**Abstract**
Today, theoretic analysis about quantum-scale heat engines is achieving a splendid success. They clarify that the average performance of these small-size heat engines obeys the second law of the macroscopic thermodynamics[1,2], and that the single-shot performance of the heat engines obeys different rules[3,4]. They also clarifies the thermodynamic laws for information processing [5,6].
In spite of these success, there are still two unsolved problems for constructing the thermodynamics of small-size systems.First, the above researches formulate the quantum heat engine in various ways, and the relationship among the formulations has not been sufficiently discussed. Second, The above statistical mechanical approches have never treated the finite-size heat baths. On the other hand, the macroscopic thermodynamics can treat macroscopic finite-size baths. It gives the optimal bounds of the performance of the heat engines with arbitrary-size baths whenever the baths are macroscopic. However, what is the quantitative definition of "macroscopic system"?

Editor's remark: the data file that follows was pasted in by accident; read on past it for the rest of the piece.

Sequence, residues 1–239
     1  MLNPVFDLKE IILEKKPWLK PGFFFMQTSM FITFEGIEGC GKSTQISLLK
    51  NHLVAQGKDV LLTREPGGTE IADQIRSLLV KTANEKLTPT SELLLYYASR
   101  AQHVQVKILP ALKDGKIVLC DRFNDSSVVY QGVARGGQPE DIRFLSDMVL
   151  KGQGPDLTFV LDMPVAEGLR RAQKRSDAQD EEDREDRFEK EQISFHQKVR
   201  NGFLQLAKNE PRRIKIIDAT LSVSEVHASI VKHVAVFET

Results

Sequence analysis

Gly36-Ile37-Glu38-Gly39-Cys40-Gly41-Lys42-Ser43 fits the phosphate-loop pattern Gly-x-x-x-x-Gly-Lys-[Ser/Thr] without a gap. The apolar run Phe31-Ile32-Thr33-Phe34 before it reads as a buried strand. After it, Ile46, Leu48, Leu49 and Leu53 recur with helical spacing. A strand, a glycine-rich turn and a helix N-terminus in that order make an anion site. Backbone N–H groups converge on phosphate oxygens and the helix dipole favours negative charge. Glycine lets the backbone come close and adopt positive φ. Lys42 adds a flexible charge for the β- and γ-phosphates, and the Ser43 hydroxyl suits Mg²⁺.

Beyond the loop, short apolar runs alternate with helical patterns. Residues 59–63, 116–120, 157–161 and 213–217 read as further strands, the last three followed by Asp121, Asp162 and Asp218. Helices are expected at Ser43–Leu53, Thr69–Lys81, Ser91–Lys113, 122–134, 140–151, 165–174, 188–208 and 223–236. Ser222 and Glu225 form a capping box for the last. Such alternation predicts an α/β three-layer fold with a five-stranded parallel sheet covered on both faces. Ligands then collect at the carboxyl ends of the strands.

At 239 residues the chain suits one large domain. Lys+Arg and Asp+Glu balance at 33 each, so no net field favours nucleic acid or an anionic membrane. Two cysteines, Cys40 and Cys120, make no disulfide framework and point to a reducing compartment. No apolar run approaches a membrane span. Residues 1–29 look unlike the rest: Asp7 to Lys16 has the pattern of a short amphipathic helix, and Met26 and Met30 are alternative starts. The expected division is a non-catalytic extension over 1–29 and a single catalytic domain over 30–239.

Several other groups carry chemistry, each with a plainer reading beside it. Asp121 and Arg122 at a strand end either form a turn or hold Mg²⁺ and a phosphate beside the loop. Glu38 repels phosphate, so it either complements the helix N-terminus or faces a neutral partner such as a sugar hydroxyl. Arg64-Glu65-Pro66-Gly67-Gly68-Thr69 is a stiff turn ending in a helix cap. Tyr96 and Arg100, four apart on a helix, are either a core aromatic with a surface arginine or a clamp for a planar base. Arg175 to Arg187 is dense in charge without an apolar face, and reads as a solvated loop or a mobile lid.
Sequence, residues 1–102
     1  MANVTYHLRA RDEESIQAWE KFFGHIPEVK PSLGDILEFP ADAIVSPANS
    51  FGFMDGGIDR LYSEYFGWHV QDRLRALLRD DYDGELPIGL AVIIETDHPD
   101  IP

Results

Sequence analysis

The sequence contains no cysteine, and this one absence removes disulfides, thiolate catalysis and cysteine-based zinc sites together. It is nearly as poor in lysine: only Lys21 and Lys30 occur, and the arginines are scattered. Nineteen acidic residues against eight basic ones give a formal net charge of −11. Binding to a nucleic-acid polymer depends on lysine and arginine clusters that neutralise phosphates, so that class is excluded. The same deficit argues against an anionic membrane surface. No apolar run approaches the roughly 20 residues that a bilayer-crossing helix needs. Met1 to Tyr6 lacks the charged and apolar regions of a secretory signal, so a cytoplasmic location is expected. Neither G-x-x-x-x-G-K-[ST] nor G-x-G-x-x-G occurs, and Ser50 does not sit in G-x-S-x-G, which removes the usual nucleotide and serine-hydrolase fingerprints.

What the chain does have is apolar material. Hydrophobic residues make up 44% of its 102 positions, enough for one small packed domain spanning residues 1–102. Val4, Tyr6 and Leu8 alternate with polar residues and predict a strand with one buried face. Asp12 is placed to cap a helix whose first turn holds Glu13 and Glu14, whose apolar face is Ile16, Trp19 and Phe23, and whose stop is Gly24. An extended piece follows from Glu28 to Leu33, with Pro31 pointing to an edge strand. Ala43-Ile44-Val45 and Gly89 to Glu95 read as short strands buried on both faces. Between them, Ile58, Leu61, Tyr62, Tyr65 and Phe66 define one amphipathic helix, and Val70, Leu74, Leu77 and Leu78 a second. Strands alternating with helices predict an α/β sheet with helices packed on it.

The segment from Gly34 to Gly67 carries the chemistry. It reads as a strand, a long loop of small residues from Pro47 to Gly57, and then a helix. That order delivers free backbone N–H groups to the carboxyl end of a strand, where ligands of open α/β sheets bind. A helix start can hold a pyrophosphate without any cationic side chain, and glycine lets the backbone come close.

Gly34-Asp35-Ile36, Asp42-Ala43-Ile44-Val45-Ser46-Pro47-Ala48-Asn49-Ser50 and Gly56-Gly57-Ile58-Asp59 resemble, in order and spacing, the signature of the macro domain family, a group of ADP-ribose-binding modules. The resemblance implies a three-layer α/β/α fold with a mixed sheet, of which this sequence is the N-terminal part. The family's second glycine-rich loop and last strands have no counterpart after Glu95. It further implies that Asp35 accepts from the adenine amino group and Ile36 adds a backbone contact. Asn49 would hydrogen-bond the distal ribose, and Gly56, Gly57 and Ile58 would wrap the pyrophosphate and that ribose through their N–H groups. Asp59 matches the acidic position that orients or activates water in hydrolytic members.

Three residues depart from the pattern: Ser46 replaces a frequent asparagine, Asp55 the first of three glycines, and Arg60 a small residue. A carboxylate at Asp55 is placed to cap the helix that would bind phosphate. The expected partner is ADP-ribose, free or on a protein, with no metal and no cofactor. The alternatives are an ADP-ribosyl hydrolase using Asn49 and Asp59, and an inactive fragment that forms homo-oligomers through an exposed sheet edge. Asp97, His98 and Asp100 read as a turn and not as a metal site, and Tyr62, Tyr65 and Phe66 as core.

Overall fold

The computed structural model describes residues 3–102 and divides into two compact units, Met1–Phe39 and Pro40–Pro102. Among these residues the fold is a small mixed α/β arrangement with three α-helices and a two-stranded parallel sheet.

In this talk, we give two results which shed a light on those two problems. Firstly, we classify the previous formulations of quantum heat engines, and derive a trade-off relation that clarifies a problem of a widely-used formulation of quantum heat engine controlled by a classical controller, in which the time evolution of the internal system (working body and heat baths) is formulated as a unitary transformation. In order to dissolve this problem, we remodel a quantum heat engine controlled by a classical controller as a general measurement process. Our measurement-based formulation is consistent with the Fully Quantum formulation, which is another widely-used formulation of quantum heat engine.
Second, we derive the optimal efficiency of quantum (or classical) heat engines whose heat baths are $n$-particle systems. We give the optimal work extraction process as an energy-preserving unitary time evolution among the heat baths and the work storage. During the unitary, the entropy gain of the work storage is so negligibly small as compared with the energy gain of the work storage, i.e., we can interpret the energy gain as the extracted work. With using our results, we evaluate the accuracy of the macroscopic thermodynamics for the heat engines with finite-size heat baths from the statistical mechanical viewpoint.
The details of the contents in this talk are in the articles arXiv:1504.06150.v2 and arXiv:1405.6457.v2, which are collaborations with Prof. Masahito Hayashi at Nagoya University.